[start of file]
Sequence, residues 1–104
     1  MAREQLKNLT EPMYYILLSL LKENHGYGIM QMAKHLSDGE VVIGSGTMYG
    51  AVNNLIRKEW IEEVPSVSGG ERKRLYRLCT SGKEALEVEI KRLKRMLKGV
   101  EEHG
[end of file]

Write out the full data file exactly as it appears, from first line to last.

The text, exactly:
Sequence, residues 1–104
     1  MAREQLKNLT EPMYYILLSL LKENHGYGIM QMAKHLSDGE VVIGSGTMYG
    51  AVNNLIRKEW IEEVPSVSGG ERKRLYRLCT SGKEALEVEI KRLKRMLKGV
   101  EEHG